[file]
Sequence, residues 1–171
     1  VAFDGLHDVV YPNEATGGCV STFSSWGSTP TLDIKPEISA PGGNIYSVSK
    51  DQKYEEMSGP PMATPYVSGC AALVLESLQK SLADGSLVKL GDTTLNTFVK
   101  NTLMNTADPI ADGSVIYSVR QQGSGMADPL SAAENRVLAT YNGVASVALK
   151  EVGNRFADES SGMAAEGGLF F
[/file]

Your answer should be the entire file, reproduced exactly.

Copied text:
Sequence, residues 1–171
     1  VAFDGLHDVV YPNEATGGCV STFSSWGSTP TLDIKPEISA PGGNIYSVSK
    51  DQKYEEMSGP PMATPYVSGC AALVLESLQK SLADGSLVKL GDTTLNTFVK
   101  NTLMNTADPI ADGSVIYSVR QQGSGMADPL SAAENRVLAT YNGVASVALK
   151  EVGNRFADES SGMAAEGGLF F